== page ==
1920 - Walter Johnson‘s homer in the top of the 7th makes the Sens, and himself, winners, 5-3 over the Browns.
1944 - The A’s fall into the basement, as the Senators are victorious, 7-5 in Philadelphia. Nats CF George Case steals 3 bases and records an unassisted double play.
1947 - On Luke Appling Day at Comiskey Park, the Sens and Sox split 2. Washington takes game one, 1-0 in 18 innings, when Al Evans triples and Sherry Robertson drives in Evans with a sac fly. The White Sox come back in the nite-cap to defeat the Nats, 8-2 behind the pitching of Bob Gillespie.
1965 - In the inaugural major league draft, the Senators use their first ever selection on P Joe Coleman. The Sens sign one of the great characters of baseball, P Ryne Duren, as a free agent. Washington will be Duren’s final destination of his career.
1966 - Another dubious record is set by a Nats player in today’s double header at Baltimore. 2B Bob Saverine sets an AL record by going 0-for-12 in both games.
Meanwhile, the Sens blow a 5-3, 9th inning lead in the opener. The O’s will eventually win, 6-5 in 14 innings when Cam Carreon doubles in the Birds game winner. In the second tilt, Washington once again cannot sustain a lead inning lead, this time a 6-4 advantage in the 8th. Baltimore goes on to score 4 runs in the 8th for an 8-7 victory.
George Stuart (Lefty) Brunet B Jun. 8, 1935 D Oct. 25, 1991
George Brunet had quite a career-however I don’t think the poor guy ever had a chance to settle down in 1 spot for very long.
Starting his major league career with the Kansas City Athletics in 1956, Brunet would appear for 9 teams in his 15 year career. He played for Kansas City in 1956, 1957, 1959 and a part of 1960 before being traded to the Milwaukee Braves. After spending the remainder of 1960 & 1961 in Milwaukee he found himself on the roster of the expansion Houston Colt 45′s in 1962. He spent 1962 and part of 1963 in Houston before being purchased by the Baltimore Orioles where he’d spend the remainder of the season.
In 1964 the Houston club purchased George back from Baltimore but he never appeared in a game for Houston that year before he was purchased once again, this time by the Los Angeles Angels. He remained with the Angels through their move to Anaheim until July of 1969 when he moved way up the coast to become a member of the short-lived Seattle Pilots.
He was traded in the off season to the Washington Senators for Dave Baldwin. While in Washington he posted an 8-6 record with a 4.42 ERA. Late in the 1970 season he was traded to the Pittsburgh Pirates for Denny Riddleberger.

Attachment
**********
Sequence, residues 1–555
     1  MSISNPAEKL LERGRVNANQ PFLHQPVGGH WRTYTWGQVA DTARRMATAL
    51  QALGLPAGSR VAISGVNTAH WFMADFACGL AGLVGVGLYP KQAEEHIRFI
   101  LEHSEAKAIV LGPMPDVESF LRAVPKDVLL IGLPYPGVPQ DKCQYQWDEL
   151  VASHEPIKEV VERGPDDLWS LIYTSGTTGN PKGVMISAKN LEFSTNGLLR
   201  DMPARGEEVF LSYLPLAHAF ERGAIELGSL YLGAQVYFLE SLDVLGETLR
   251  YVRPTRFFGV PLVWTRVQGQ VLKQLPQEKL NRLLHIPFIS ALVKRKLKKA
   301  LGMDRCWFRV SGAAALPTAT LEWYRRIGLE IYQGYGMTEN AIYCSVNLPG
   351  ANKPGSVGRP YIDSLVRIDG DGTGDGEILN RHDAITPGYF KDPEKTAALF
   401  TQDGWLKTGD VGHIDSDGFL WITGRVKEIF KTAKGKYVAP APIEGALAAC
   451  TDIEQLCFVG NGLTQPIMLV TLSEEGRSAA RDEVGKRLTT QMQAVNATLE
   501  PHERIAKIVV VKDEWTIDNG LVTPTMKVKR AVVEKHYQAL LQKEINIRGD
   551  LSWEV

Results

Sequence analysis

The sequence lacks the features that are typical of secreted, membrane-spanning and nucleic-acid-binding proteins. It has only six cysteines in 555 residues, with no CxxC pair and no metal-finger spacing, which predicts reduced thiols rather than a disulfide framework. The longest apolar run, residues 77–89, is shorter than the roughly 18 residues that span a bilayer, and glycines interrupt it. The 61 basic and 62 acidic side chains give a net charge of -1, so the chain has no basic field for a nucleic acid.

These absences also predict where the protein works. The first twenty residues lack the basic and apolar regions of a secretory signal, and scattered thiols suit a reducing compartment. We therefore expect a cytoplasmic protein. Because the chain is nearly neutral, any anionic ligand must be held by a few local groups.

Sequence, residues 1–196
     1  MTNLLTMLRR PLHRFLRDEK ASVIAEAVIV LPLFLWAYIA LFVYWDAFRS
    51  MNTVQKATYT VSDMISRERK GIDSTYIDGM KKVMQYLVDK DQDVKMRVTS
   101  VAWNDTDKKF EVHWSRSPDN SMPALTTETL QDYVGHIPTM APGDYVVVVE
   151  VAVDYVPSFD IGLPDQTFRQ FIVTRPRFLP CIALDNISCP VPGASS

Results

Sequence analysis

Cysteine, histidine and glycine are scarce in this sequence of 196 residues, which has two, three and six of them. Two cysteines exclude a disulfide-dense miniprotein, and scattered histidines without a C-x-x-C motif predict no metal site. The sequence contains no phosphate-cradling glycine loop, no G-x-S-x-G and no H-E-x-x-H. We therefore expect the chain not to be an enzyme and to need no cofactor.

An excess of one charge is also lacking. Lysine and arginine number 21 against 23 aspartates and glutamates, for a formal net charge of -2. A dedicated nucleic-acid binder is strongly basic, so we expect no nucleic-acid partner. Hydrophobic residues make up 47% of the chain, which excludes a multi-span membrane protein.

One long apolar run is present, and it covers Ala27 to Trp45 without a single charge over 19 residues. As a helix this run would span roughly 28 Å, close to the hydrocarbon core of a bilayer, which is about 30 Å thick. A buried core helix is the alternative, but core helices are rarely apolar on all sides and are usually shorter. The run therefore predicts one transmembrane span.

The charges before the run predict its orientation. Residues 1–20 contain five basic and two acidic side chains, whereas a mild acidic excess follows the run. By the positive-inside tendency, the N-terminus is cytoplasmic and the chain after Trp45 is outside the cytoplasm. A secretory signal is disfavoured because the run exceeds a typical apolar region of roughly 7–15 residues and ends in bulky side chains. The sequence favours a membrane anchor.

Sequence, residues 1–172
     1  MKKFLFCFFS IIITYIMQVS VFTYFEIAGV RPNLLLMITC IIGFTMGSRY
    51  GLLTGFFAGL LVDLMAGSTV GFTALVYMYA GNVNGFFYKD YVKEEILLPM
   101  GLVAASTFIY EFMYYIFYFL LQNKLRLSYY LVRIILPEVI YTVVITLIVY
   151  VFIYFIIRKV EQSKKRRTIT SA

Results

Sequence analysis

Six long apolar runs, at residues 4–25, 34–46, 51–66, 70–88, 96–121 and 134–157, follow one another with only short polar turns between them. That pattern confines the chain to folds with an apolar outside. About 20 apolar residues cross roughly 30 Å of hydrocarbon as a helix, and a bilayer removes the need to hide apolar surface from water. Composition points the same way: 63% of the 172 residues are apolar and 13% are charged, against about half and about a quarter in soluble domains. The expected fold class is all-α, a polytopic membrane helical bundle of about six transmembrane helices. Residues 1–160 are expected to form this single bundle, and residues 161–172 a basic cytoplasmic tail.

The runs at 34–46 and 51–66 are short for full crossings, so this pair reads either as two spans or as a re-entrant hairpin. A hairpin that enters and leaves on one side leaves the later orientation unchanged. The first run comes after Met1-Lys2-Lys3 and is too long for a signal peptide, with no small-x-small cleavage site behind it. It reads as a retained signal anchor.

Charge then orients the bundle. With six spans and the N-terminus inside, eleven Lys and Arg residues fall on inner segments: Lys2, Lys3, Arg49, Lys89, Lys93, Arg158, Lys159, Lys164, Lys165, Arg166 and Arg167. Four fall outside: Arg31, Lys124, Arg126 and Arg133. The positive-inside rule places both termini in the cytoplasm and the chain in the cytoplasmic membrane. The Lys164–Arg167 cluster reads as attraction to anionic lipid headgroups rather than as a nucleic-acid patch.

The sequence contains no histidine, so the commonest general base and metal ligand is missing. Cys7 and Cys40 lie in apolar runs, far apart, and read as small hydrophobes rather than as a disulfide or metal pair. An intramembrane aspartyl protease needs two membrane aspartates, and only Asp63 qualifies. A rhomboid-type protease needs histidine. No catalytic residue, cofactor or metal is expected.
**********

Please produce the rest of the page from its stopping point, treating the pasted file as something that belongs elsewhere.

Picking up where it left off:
He finished the 1970 season in Pittsburgh but was traded once again, this time to the St. Louis Cardinals where he appeared in 7 games before being released in May of 1971.
However his baseball career didn’t end there-he managed to find work in the Mexican League where he played until suffering a fatal heart attack in 1991 at age 56.
George holds the minor league strikeout record in a career with over 3000.
Vibert Ernesto (Webbo) Clarke B Jun. 8, 1928 D Jun. 14, 1970
Panamanian pitcher Webbo Clarke is another “One Season Wonder” who appeared in 7 games for the Senators in 1955, pitching in 21.3 innings and leaving with an ERA of 4.64.
Timothy Cornelius Donahue B Jun. 8, 1870 D Jun. 12, 1902
Catcher Tim Donahue began his baseball career with the Boston Reds of the American Association in 1891. Only appearing in 4 games, he wouldn’t return to the majors until 1895 when he appeared with Chicago, known as the Colts from 1895-1897 and Orphans 1898-1900. Donahue would remain in the Windy City through the 1900 season.
In 1902 he returned to the majors with the Senators, appearing in 3 games, going 2-8 for a .250 BA. This is the mystery I eluded to earlier-published information shows that Donahue died on June 12, 1902, 4 days after his 32nd birthday and in the middle of the baseball season. If anyone could lend any insight to the early death of Mr. Donahue I’d be most appreciative!
EDIT: I’ve been informed that Tim Donahue was suffering from Addison’s disease, which is suspected to have been caused by exposure to tuberculosis. This in turn led to kidney failure which is listed as his cause of death.
Donahue left the Washington team in mid-season and died at the family home in Taunton, Massachusetts. More information here:
Joseph Charles Grzenda B Jun. 8, 1937 Still living
Joe Grzenda was another journeyman pitcher who appeared with 6 teams in a career that spanned 8 seasons over 11 years. First appearing with the Detroit Tigers in 1961, he wouldn’t return to the majors until 1964 when he appeared with the Kansas City Athletics in 1964 & 1966. In 1967 he was with the New York Mets and after another year’s hiatus he returned to the major leagues with the 1969 Minnesota Twins.
Joe was on the mound on September 30, 1971, with 2 outs and Yankee batter Horace Clarke coming to bat, when an almost certain Senators win ended in a 9-0 forfeit to the Yankees when angry fans stormed the field, halting play before the last out could be made.
Joe was on hand for the opening ceremonies in 2005 when the Nationals returned major league baseball to Washington.
I’ve posted this link before on more than one occasion, but in the event you’ve missed it up until now, here’s a great write-up on Joe Grzenda from the Washington Post: Joe Grzenda, The Ultimate Closer